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Description:This original wood-block engraved antique double page view of Cairo, as it looked in the mid 16th century under Ottoman rule, was published in the early 1575 edition of Sebastian Munsters Cosmographia by Sebastian Petri, Basle.Sebastian Petris re-release of Cosomgraphia in 1588 produced some fine woodcut maps in the copperplate style. The maps in this release were more sophisticated than with earlier publications of Cosomgraphia and were based on the 1570 release of Abraham Ortelius monumental work Theatrum Orbis Terrarum. For a variety of reasons town plans were comparatively latecomers in the long history of cartography. Few cities in Europe in the middle ages had more than 20,00 inhabitants and even London in the late Elizabethan period had only 100-150,000 people which in itself was probably 10 times that of any other English city. The Nuremberg Chronicle in 1493 included one of the first town views of Jerusalem, thereafter, for most of the sixteenth century, German cartographers led the way in producing town plans in a modern sense. In 1544 Sebastian Munster issued in Basle his Cosmographia containing roughly sixty-six plans and views, some in the plan form, but many in the old panorama or birds eye view. (Ref: Tooley; M&B)
General Definitions:Paper thickness and quality: - Heavy and stablePaper color : - off whiteAge of map color: -Colors used: -General color appearance: -Paper size: - 16in x 12 1/2in (405mm x 320mm)Plate size: - 16in x 12 1/2in (405mm x 320mm)Margins: - Min 1/2in (10mm)
Imperfections:Margins: - L&R bottom margin restoredPlate area: - 4 small tears repaired in center of imageVerso: - Restoration as noted, light age toning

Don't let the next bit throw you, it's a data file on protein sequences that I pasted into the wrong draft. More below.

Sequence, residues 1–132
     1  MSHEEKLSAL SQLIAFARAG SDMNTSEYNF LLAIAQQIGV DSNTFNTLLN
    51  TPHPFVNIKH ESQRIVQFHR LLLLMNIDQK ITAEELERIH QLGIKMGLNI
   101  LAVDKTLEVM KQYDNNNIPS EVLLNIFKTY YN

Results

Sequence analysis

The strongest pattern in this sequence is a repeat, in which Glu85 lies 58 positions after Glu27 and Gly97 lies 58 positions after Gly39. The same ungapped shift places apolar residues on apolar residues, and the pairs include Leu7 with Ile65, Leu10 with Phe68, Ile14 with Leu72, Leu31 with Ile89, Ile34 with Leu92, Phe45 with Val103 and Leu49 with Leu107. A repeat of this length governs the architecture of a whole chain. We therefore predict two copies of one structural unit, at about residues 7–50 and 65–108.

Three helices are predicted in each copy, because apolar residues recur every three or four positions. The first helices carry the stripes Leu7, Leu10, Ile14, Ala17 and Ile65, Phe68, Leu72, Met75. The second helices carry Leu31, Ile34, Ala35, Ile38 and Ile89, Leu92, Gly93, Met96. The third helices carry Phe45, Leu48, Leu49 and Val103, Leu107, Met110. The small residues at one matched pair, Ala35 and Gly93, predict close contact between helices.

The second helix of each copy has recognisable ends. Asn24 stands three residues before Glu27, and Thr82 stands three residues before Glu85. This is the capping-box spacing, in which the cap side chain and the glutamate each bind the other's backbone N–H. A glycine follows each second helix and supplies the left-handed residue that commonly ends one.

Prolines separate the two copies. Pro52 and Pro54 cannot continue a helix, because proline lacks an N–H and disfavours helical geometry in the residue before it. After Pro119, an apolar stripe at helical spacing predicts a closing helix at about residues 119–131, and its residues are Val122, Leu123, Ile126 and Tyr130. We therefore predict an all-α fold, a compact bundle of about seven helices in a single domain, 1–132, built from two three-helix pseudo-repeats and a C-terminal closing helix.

Background: Cairo is the capital of Egypt. The city\'s metropolitan area is one of the largest in Africa, the largest in the Middle East and the Arab world, and the 15th-largest in the world, and is associated with ancient Egypt, as the famous Giza pyramid complex and the ancient city of Memphis are located in its geographical area. Located near the Nile Delta, modern Cairo was founded in 969 CE by the Fatimid dynasty, but the land composing the present-day city was the site of ancient national capitals whose remnants remain visible in parts of Old Cairo. Cairo has long been a center of the region\'s political and cultural life, and is titled the city of a thousand minarets for its preponderance of Islamic architecture.Although Cairo avoided Europes stagnation during the Late Middle Ages, it could not escape the Black Death, which struck the city more than fifty times between 1348 and 1517. During its initial, and most deadly waves, approximately 200,000 people were killed by the plague, and by the 15th century, Cairos population had been reduced to between 150,000 and 300,000. The citys status was further diminished after Vasco da Gama discovered a sea route around the Cape of Good Hope between 1497 and 1499, thereby allowing spice traders to avoid Cairo. Cairo\'s political influence diminished significantly after the Ottomans supplanted Mamluk power over Egypt in 1517. Ruling from Constantinople, Sultan Selim I relegated Egypt to a province, with Cairo as its capital. For this reason, the history of Cairo during Ottoman times is often described as inconsequential, especially in comparison to other time periods. However, during the 16th and 17th centuries, Cairo remained an important economic and cultural centre. Although no longer on the spice route, the city facilitated the transportation of Yemeni coffee and Indian textiles, primarily to Anatolia, North Africa, and the Balkans. Cairene merchants were instrumental in bringing goods to the barren Hejaz, especially during the annual hajj to Mecca. It was during this same period that al-Azhar University reached the predominance among Islamic schools that it continues to hold today; pilgrims on their way to hajj often attested to the superiority of the institution, which had become associated with Egypt\'s body of Islamic scholars. By the 16th century, Cairo also had high-rise apartment buildings where the two lower floors were for commercial and storage purposes and the multiple stories above them were rented out to tenants.Under the Ottomans, Cairo expanded south and west from its nucleus around the Citadel. The city was the second-largest in the empire, behind Constantinople, and, although migration was not the primary source of Cairo\'s growth, twenty percent of its population at the end of the 18th century consisted of religious minorities and foreigners from around the Mediterranean. Still, when Napoleon arrived in Cairo in 1798, the city\'s population was less than 300,000, forty percent lower than it was at the height of Mamluk—and Cairene—influence in the mid-14th century.The French occupation was short-lived as British and Ottoman forces, including a sizeable Albanian contingent, recaptured the country in 1801. Cairo itself was besieged by a British and Ottoman force culminating with the French surrender on 22 June 1801. The British vacated Egypt two years later, leaving the Ottomans, the Albanians, and the long-weakened Mamluks jostling for control of the country. Continued civil war allowed an Albanian named Muhammad Ali Pasha to ascend to the role of commander and eventually, with the approval of the religious establishment, viceroy of Egypt in 1805.